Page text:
A side-impact collision, also known as a T-bone accident, occurs when the front of a truck crashes into the side of another vehicle so that the two vehicles form a T-shaped wreck. T-bone collisions typically occur at intersections, often because a driver runs a red light or stop sign. A truck driver turning left at an intersection may also cause a T-bone accident by failing to yield the right of way to an oncoming vehicle. Side-impact collisions can lead to serious injuries as there are no crumple zones there to absorb the force of the crash.
An underride collision occurs when a vehicle becomes trapped underneath a truck’s trailer, either along the side of the trailer or underneath the trailer’s rear overhang. Underride collisions may occur when a truck driver moves into a lane already occupied by another vehicle or when a truck driver suddenly slams on their brakes and the driver behind them cannot stop in time. An underride collision can cause catastrophic and potentially fatal injuries since the floor of the truck trailer sits at the same level as the heads or shoulders of the occupants in the other vehicle.
Common Types of Truck Accidents By Incident
Wide Turn Accidents
Semi-trucks have wide turning radii which present particular challenges when turning to the right due to the acuteness of the angle. Truck drivers often have to swing wide left before turning right to account for this, potentially bringing them into the opposing lane before correcting into the right lane. However, other drivers may not expect a truck to swing wide when turning right.
A truck driver who does not check for other vehicles may have a sideswipe collision with a car if the driver swings wide left before the turn. The truck driver can also have a head-on collision if their wide right turn brings them into the oncoming lane. Although a truck may need to swing wide to complete a turn on a narrow street, a truck driver could be at fault for a collision that occurs when their truck leaves the proper lane.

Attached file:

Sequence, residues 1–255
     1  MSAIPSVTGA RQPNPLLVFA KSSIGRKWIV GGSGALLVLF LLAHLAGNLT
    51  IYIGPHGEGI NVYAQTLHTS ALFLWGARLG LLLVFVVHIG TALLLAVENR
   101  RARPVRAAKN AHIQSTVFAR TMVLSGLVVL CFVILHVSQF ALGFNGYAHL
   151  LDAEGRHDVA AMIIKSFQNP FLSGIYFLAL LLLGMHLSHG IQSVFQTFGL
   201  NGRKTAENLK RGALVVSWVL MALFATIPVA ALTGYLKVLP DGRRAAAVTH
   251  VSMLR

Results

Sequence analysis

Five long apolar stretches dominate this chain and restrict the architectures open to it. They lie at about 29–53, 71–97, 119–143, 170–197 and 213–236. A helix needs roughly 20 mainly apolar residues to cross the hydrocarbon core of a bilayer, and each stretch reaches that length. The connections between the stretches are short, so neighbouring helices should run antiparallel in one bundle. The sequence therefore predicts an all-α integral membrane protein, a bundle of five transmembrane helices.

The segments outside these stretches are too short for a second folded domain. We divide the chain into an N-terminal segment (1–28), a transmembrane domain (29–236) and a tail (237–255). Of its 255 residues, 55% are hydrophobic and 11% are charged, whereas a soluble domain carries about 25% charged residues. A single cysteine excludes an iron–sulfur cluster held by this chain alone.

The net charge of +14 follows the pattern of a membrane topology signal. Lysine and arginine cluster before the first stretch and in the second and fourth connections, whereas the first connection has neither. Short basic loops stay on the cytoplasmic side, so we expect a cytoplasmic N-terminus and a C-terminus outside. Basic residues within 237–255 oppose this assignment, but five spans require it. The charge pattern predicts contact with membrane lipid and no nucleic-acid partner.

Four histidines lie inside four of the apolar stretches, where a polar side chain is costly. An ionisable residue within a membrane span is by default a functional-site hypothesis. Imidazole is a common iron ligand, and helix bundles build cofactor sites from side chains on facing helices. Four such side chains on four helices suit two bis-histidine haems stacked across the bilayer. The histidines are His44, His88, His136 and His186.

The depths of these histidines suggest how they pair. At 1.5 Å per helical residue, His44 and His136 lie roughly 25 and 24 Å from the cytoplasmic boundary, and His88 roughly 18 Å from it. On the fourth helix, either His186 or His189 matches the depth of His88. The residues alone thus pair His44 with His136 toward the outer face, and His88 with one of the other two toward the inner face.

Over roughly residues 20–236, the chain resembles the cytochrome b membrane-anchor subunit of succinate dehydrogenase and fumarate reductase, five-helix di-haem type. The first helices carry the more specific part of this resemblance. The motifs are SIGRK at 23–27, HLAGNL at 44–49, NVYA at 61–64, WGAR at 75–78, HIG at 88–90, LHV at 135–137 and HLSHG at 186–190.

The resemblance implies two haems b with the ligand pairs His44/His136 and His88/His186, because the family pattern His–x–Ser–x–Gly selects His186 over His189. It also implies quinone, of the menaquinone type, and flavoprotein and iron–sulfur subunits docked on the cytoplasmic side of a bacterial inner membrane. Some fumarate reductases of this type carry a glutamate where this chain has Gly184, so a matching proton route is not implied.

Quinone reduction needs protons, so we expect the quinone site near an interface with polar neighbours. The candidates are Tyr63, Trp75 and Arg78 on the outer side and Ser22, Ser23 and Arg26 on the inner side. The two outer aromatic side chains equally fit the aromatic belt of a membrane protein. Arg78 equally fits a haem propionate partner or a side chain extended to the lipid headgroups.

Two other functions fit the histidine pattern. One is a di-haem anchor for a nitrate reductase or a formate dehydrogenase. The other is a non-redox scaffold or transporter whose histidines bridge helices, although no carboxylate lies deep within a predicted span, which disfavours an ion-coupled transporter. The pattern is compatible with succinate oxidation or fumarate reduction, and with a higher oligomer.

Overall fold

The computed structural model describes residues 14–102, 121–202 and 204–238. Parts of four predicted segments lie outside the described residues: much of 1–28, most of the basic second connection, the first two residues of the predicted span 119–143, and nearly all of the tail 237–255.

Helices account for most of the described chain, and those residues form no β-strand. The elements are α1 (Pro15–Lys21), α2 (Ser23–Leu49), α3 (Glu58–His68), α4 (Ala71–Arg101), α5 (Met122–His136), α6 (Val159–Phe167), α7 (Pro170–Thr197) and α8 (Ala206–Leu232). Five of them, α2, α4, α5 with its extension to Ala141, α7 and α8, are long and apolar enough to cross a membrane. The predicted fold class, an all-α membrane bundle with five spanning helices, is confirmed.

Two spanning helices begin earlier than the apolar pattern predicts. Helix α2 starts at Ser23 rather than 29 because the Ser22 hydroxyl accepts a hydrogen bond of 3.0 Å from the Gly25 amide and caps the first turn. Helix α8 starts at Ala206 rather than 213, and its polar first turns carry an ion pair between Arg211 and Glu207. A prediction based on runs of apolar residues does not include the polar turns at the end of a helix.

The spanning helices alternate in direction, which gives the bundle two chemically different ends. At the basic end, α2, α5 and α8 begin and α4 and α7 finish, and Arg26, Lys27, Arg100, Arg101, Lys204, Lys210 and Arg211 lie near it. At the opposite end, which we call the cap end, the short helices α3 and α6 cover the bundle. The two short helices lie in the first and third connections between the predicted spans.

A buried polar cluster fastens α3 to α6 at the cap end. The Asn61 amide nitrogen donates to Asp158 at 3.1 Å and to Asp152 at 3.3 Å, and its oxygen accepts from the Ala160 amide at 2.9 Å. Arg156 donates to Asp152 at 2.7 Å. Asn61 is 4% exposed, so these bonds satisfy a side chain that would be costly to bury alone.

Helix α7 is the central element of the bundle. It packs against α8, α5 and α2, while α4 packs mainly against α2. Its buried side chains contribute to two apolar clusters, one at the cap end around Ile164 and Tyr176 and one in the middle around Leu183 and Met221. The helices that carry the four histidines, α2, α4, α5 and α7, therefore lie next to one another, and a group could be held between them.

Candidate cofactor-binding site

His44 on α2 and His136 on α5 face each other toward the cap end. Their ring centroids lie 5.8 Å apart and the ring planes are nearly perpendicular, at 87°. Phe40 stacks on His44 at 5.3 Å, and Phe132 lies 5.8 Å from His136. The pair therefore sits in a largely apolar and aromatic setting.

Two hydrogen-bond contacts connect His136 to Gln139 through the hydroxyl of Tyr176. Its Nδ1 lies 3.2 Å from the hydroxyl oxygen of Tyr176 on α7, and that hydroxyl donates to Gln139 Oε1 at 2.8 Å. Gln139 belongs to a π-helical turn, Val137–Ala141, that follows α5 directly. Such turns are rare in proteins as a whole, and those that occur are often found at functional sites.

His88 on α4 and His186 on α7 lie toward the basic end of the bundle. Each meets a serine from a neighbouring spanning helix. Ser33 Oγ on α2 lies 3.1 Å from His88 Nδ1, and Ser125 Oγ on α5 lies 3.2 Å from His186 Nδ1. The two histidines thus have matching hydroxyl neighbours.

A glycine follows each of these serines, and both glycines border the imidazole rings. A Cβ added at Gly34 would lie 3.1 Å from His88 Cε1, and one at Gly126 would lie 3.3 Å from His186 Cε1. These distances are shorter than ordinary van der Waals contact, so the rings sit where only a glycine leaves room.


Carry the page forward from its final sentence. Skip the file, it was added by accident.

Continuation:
A jackknife truck accident occurs when the trailer of an articulated truck swings out of the path of travel, causing the trailer to fold in on the cab in an action that resembles a closing pocketknife. Jackknifing often occurs when a truck driver loses control of their vehicle due to unsafe braking, tire blowouts or tread separation, slick road surfaces, or steep inclines or curves.
Trucks may have a greater risk of jackknifing when overloaded with cargo or with an imbalanced or unsecured cargo load. A jackknifing truck may veer out of control, colliding with other vehicles on the road or pushing them into collisions with other automobiles and objects. The truck may also roll over or spill its cargo.
A rollover accident occurs when a truck flips onto its side or roof. In rare cases, a truck may tumble several times before coming to a rest. These accidents can cause catastrophic damage and injuries if the 18-wheeler collides with or falls on top of another vehicle.
A semi-truck may suffer a rollover accident if the driver loses control due to a tire blowout, tread separation, improper braking or brake failure, a steep incline on a hill or curve, or after hitting a pothole or debris on the road. Improper cargo loading can also increase the risk of a rollover truck accident.
A truck with heavier cargo loaded on top of lighter cargo will have a higher center of gravity, making it easier for the semi to tip over. In addition, failing to secure cargo may result in cargo shifting during travel, which can rapidly change the truck’s center of gravity and cause it to tip over.
Cargo accidents usually happen due to improper loading of cargo, such as loading more cargo than the truck can haul or not balancing the weight. A cargo spill may also occur due to a failure to secure the cargo by not using straps, tie-downs, or netting to prevent shifting during travel or by not locking cargo doors. A cargo accident may involve a truck spilling its cargo directly onto other vehicles or onto the roadway to pose a hazard to oncoming traffic. Other drivers may subsequently collide with spilled cargo or crash into other vehicles when swerving to avoid debris in the roadway.